Burt spotlights fintech in Bloomberg interview
The Premier highlighted Bermuda’s effort to develop into a fintech hub in an interview with Bloomberg at the weekend.
David Burt said attracting international businesses was a key component of Bermuda’s economic recovery programme in the wake of the impact of Covid-19 in an interview with the channel’s Vonnie Quinn and Paul Sweeney.
Mr Burt added: “We are continuing to build on our digital asset industry in Bermuda which is seeing growth – we are attracting big names to our shores.
“We see what is happening right now in the markets, the attention that is being paid to decentralised finance and Bermuda is very fortunate that we have been preparing ourselves regulation-wise for a number of years and now it is coming to the fore.
“We are well positioned to take advantage of the attention that is now being paid to the decentralised finance boom.”
Mr Burt told the two anchors on Friday that Bermuda was known for its high regulatory standards and the Government recognised there was an opportunity to offer companies a place geared to innovation.
He added: “Our calling card is actually our regulations. Our calling card is to be able to work with a regulator that you can have conversations and speak to.
“Our regulator is very tough, however there is the opportunity to innovate here in Bermuda.
“People always point to the tax argument, but for a large number of our insurers here in Bermuda, they elect to be US tax payers.”
Mr Burt agreed that the pandemic had hit the island’s tourism industry, but said that moves like the “work from Bermuda” scheme for digital nomads and other businesspeople had laid the groundwork for the industry to bounce back.
He said: “It is an exceedingly difficult period, there is no doubt about it, but this is our traditional low season in tourism so we are taking this time to recalibrate.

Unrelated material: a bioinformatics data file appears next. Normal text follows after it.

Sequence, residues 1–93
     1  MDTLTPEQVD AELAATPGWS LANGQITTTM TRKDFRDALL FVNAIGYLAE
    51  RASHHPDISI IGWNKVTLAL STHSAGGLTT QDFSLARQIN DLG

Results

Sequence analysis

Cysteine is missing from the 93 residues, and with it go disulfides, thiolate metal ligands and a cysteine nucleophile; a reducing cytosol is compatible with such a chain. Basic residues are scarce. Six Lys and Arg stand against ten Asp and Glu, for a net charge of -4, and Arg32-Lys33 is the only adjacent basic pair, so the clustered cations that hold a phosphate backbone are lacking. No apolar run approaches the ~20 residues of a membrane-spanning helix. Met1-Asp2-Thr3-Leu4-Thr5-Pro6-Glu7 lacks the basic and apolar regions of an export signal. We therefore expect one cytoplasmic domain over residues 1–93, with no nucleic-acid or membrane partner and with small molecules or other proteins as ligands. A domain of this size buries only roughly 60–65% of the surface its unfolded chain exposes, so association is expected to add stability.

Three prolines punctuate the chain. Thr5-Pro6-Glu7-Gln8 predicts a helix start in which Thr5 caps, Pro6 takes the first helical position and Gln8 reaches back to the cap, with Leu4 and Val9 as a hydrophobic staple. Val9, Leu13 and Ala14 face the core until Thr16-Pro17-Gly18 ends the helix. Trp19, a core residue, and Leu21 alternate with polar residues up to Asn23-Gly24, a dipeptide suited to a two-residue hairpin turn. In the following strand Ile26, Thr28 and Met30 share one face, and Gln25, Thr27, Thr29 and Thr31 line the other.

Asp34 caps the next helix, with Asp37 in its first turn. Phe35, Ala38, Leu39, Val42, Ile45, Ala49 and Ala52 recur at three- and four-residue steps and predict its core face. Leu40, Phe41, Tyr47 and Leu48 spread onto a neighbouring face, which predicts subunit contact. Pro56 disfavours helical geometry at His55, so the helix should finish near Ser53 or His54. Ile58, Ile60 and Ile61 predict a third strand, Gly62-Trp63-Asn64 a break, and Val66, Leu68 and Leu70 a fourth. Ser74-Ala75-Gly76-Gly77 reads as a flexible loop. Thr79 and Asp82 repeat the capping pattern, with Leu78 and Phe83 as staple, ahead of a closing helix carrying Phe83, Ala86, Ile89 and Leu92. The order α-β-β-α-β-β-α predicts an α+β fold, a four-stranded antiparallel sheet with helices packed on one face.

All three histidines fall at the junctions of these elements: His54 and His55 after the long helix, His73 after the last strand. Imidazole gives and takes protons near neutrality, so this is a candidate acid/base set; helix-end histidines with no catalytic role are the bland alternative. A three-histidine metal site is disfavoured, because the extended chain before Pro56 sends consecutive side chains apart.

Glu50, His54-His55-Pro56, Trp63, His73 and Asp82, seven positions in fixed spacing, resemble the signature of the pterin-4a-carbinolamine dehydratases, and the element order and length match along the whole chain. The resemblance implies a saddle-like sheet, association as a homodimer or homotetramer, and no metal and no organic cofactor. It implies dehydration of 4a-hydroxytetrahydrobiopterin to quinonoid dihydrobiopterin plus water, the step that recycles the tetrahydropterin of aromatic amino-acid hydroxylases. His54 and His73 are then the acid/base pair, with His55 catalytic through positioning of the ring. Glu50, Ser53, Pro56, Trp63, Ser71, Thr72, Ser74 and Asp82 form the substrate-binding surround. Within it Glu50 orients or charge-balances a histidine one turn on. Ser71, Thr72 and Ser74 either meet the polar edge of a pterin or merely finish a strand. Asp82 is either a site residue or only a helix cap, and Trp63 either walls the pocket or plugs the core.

’We have events that are scheduled. We have an international sailing regatta that is taking place in Bermuda in March, Sail GP, and we are having off-sites from companies that want to travel and have their employees in a safe environment.
“Our tourism industry is focusing more on niche markets – the long term tourism of people who are working from Bermuda. That is how we are managing to recover.”
Mr Burt added that there were discussions with cruise ship operators about the use of the island as a departure point for ships.
He said: “If the Biden administration extends the no-sail policy, there are some cruise lines that are looking to launch their cruises from here in Bermuda, which is very close to the US, of course, and the New York market, so people could cruise from here.”
Mr Burt also discussed the success of the island’s Covid-19 test regime.
He said: “I think we are in a good place. Bermuda is the fourth most tested country on the planet. We test, test and test again.”